On Sat, Mar 09, 2013 at 12:51:25PM -0600, Stan Hoeppner wrote:
> On 3/9/2013 3:11 AM, Dave Chinner wrote:
> > On Fri, Mar 08, 2013 at 12:59:22PM -0600, Stan Hoeppner wrote:
> >> On 3/8/2013 6:20 AM, Ric Wheeler wrote:
> >>>> Something that none of us mentioned WRT write barriers is that while the
> >>>> filesystem structure may avoid corruption when the power is cut, files
> >>>> may still be corrupted, in conditions such as any/all of these:
> >> I made it very clear I was discussing file corruption here, not
> >> filesystem corruption. You already covered that base. I was
> >> specifically addressing the fact that XFS performs barriers on metadata
> >> writes but not file data writes.
> > Actually, you're not correct there, either, Stan. ;)
> With "either" you're implying I was incorrect twice, and I wasn't, not
> in whole anyway, maybe in part. ;)
The "either" was in reference to you correcting someone else...
> > XFS only issues cache flushes/FUA writes for log IO. Metadata IO is
> > done exactly the same way that data IO is done - without barriers.
> > It's because metadata lost in drive caches at the time of a crash is
> > rewritten by journal replay that filesystem corruption does not
> > occur.
> Technical semantics. Geeze, give the non dev a break now and then. ;)
It's the technical semantics that matter when it comes to behaviour
at power loss. That's why I pick on "technical semantics" - it's
makes your analysis and understanding of problems better, and that
means there's less for me to do in future ;)
> Does everyone remember the transitive property of equality from math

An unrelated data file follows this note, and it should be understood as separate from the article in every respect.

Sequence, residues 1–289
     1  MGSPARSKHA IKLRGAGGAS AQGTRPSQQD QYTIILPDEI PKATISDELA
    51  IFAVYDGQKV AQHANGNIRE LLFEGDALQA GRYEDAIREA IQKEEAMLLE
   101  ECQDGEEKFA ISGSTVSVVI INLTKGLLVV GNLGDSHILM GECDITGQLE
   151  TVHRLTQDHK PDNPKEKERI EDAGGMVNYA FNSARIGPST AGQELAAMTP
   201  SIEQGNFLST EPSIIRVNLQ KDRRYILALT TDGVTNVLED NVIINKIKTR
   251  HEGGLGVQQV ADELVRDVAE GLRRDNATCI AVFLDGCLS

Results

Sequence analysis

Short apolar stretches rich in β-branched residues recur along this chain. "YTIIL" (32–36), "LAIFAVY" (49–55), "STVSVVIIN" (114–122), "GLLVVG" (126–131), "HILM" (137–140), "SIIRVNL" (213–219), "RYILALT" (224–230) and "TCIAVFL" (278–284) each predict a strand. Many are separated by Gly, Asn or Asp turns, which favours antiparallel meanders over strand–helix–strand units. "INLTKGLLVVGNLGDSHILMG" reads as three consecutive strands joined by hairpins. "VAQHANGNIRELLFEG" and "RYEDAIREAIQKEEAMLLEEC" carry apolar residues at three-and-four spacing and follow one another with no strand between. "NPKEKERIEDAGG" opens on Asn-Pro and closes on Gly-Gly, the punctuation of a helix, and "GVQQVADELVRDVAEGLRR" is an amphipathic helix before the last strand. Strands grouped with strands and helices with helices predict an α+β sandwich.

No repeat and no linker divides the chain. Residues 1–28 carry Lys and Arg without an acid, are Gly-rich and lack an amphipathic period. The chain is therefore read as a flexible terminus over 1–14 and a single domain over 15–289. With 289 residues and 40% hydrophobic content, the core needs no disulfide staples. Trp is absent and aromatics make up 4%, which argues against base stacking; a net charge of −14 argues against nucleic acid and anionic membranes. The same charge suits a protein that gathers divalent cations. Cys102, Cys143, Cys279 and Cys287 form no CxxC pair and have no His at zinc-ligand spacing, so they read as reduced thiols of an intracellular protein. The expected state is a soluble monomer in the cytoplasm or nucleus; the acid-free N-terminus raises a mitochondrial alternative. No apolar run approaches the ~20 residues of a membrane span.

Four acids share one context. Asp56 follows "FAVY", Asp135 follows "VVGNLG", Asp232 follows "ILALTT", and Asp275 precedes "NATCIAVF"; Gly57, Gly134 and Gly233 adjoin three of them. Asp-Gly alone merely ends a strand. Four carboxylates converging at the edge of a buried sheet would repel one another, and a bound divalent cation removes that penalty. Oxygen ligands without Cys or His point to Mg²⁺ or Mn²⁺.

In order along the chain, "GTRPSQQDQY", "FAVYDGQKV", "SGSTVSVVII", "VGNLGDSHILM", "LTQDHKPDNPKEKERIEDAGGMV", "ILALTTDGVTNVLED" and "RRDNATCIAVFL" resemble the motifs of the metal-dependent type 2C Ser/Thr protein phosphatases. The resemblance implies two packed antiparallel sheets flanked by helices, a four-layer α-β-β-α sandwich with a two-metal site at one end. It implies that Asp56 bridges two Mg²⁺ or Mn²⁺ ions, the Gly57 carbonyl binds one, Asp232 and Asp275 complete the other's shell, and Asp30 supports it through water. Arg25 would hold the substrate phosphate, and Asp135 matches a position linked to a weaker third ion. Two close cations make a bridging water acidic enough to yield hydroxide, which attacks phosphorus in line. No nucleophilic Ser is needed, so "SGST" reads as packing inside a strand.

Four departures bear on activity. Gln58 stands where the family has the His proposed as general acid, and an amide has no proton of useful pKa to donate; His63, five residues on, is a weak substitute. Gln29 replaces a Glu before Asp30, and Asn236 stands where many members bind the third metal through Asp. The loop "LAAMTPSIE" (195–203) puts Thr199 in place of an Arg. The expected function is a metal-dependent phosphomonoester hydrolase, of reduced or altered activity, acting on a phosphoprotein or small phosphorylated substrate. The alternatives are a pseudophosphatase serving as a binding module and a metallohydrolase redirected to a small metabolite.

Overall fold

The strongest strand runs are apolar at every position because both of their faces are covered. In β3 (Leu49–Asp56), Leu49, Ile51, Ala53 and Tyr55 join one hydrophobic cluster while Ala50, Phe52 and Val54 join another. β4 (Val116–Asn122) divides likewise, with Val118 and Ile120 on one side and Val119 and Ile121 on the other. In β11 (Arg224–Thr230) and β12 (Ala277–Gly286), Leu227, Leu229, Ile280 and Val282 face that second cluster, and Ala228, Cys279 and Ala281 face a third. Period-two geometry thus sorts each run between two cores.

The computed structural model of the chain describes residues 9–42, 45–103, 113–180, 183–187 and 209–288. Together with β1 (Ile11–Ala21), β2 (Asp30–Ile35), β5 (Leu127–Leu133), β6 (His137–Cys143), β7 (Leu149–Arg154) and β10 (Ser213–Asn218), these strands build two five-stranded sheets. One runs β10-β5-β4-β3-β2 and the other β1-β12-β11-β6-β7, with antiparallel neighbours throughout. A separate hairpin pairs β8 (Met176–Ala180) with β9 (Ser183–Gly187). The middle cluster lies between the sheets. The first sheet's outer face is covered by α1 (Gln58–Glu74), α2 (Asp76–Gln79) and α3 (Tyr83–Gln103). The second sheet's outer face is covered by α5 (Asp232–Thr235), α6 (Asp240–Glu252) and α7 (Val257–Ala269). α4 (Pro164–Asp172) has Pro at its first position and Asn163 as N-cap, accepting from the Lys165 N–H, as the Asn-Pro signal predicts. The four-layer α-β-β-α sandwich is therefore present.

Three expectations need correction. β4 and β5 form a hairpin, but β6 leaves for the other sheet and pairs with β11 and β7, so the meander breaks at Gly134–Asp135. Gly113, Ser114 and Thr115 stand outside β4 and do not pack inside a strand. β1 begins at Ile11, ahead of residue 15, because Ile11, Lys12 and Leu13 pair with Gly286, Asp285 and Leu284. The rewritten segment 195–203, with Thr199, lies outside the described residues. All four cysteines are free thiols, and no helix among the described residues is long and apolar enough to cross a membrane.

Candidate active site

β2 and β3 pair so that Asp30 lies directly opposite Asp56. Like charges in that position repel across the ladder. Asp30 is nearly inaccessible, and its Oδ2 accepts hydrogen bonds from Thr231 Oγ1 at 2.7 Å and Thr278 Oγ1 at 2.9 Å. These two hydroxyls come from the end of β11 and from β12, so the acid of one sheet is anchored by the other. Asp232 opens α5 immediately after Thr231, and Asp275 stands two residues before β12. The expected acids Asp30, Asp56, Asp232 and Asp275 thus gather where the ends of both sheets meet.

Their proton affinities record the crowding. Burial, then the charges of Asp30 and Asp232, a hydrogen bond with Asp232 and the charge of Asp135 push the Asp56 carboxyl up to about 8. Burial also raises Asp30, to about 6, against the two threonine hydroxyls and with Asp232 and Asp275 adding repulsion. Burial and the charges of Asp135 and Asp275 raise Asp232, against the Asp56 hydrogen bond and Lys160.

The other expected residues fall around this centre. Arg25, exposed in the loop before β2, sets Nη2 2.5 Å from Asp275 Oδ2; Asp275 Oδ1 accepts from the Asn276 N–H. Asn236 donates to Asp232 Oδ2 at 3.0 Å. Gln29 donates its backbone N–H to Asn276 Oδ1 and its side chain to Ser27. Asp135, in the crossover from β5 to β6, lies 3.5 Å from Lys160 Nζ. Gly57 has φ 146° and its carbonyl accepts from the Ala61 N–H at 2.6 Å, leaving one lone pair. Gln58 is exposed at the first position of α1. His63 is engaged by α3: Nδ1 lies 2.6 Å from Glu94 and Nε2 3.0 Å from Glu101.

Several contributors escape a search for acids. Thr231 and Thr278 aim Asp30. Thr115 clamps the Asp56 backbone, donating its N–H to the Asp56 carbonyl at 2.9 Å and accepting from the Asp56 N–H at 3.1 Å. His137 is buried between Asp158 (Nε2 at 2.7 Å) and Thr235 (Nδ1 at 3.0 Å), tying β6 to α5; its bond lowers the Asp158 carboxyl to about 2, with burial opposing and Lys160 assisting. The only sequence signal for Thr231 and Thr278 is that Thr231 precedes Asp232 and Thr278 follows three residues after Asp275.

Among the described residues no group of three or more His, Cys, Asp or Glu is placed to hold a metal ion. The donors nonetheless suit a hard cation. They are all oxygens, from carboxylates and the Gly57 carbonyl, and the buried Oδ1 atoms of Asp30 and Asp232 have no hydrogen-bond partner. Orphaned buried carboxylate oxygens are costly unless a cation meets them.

> class decades ago? It states "If A=B and B=C then A=C". Thus if
> barrier writes to the journal protect the journal, and the journal
> protects metadata, then barrier writes to the journal protect metadata.
Yup, but the devil is in the detail - we don't protect individual
metadata writes at all and that difference is significant enough to
comment on.... :P
> I had a detail incorrect, but not the big picture. And I'd bet the OP
> is more interested in the big picture. So surely I'd get a B or a C
> here, but certainly not an F.
Certainly a B+ - like I said, I'm being picky because you seem to
understand the details once explained... :)
> > As it is, if the application uses direct IO (likely, as it
> > sounds like video capture/editing/playout here) then log IO
> > will also ensure that the data written by the app is on disk (i.e.
> > that's ithe mechanism by which fsync works).
> So this would be an interesting upside down case for XFS, as the file
> data may be intact, but the filesystem gets corrupted, the opposite of
> the design point.
Well, if barriers are working correctly, then there won't be any
filesystem corruption, either...
> >>> Also, if there are active writers, this is inherently racy. A better
> >>> script would unmount the file systems :)
> >> Yes, a umount would be even better.
> > Change the bios so that the power button does not cause a power down
> > so the OS can capture the button event and trigger an orderly
> > shutdown.
> Dare I say "Dave you're incorrect". ;)
Heh. Not so much incorrect as "unaware of the entire scope". I
browsed the thread and didn't pick up on this little detail...